There is much discussion in the community – and in my family – about the commercialisation of Christmas. Some worry that Christmas draws you into its vortex and you end up spending far more that you planned. Others worry that the oversupply of gifts simply contributes to unsustainability and landfill.
These are not easy considerations, as they are usually weighed against the fact that gift giving is one of the great Christmas traditions, one of the key ways we celebrate those we love at this festive time. It is at this time we are reminded of the old proverb that it is better to give than to receive.
Christmas can also be a time where people feel disconnected, lonely and isolated. What gift is of value to these individuals?
I’d like to throw out my usual Christmas challenge to you, and ask you to consider the gifts you can give that are entirely sustainable and bank account friendly. While these gifts have value and meaning for everyone, they have special meaning for those living with dementia.
We often feel challenged by our loved ones with dementia at Christmas. How should we spend time? How can we best relate to our loved one whose cognitive impairment now impacts on their ability to easily relate. How can our exchange be positive, affirming the value of our relationship? How can we be with them and be confident that we have given a gift of value to them?
This Christmas, I want to give you some tips on how you can give any or all of the following gifts to any of those you love, especially those with dementia.
Time: A person with dementia may not always remember what you have said, but they will always remember how you made them feel. Time spent with a person with dementia is never wasted. This is never more so than at Christmas.
When you spend time with your loved one this Christmas, don’t focus on information or items of fact that they may not be able to store or access. Focus on sharing at an emotional level. ‘Do’ less, and ‘be’ more. Be present in the moment, find where they are in time and share that memory. Don’t feel pressured to fill your connect time with language. Just ‘be’. Time is the most wonderful gift of all.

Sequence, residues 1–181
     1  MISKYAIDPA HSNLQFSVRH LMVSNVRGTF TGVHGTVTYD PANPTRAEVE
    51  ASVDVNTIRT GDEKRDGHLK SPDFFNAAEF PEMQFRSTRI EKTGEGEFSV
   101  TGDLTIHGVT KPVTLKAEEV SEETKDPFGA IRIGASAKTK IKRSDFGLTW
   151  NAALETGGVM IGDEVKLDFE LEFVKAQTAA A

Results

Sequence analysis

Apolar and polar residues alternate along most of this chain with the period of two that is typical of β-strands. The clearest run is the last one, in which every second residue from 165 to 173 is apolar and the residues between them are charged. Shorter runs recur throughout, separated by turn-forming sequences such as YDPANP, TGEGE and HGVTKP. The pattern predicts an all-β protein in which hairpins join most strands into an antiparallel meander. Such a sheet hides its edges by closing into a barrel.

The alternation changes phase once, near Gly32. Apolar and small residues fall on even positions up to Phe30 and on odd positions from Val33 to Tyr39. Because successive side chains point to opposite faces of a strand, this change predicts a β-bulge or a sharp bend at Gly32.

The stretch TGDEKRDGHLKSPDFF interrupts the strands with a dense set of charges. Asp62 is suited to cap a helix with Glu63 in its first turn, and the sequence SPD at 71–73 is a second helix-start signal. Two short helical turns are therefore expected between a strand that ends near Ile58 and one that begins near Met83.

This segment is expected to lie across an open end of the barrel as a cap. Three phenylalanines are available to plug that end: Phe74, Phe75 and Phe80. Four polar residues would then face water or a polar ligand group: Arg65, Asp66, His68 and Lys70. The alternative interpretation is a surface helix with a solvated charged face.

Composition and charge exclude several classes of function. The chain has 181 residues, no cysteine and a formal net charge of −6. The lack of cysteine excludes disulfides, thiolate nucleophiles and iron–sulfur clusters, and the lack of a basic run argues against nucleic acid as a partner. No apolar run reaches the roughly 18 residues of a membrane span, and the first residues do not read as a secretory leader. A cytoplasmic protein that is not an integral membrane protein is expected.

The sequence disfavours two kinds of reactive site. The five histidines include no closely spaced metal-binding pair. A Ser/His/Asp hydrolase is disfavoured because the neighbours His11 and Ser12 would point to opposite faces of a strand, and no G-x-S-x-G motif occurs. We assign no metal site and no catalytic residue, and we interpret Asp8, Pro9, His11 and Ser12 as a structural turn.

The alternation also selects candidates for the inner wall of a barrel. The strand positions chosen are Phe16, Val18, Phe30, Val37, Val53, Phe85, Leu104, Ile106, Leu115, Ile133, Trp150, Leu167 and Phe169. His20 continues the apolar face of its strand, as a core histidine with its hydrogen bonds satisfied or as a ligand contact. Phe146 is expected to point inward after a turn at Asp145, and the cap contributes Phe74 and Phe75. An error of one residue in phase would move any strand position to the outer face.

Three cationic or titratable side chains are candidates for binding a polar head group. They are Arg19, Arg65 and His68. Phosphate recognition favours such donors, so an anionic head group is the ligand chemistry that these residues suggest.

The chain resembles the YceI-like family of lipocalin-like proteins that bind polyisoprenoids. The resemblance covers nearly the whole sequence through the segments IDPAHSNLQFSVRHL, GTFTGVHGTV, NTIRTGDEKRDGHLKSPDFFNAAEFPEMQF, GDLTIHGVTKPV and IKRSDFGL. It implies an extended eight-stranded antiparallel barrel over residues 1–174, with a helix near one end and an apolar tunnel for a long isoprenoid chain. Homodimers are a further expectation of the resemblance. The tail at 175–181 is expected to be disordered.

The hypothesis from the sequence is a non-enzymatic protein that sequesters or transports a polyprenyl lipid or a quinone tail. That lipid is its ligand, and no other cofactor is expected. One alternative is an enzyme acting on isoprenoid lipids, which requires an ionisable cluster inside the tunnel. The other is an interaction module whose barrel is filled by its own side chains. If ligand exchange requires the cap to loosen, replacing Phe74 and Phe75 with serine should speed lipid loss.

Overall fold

Connect: The second great gift is to connect with your loved one with dementia. Christmas if full of nostalgia and sensory cues that assist the memory or reminiscence of the person with dementia – the smell of Christmas dinner, the sound of Bing Crosby singing I’m Dreaming of a White Christmas, the sight of the Christmas tree.
Connect through shared memories or experiences. Reminisce about times shared. We do that with everyone at Christmas – we laugh about the Christmas camping trip that went wrong, the time the dog ate from the Christmas table while Grandma was finishing serving up, we look at photos of the children as babies and wonder at where they years went. All of these activities have visual, auditory or emotional cues that support a person with short term memory loss to access their memories of treasured times. You can facilitate this precious connect. It is a great gift to give.
Joy: When you connect with another human being and share a moment where you are both joined by the memory or experience, joy will result. It is the same for all of us. For people with dementia, it is a special gift. You have supported their recollection, shared in the moment of its remembering and joined with them in relationship that enables them to feel the joy of being connected and remembering something familiar that is treasured. What a gift to give.
I always feel privileged to be able to give the gift of supporting a person with dementia to feel valued, connected to their memories and life experiences and more importantly connected to those around them. It is one of the most treasured parts of my role at Alzheimer’s WA. At Christmas, you can give these gifts. You will experience the truth that giving is the best reward of all.
Give the gifts of time, connection and joy to those you love, and especially to those living with dementia. It will bring sparkle to their Christmas and yours.
I wish everyone a Christmas full of love, laughter and joyful memories.
If you need to talk about a loved one with dementia, or how you can help care, please call Alzheimer’s WA on 1300 66 77 88.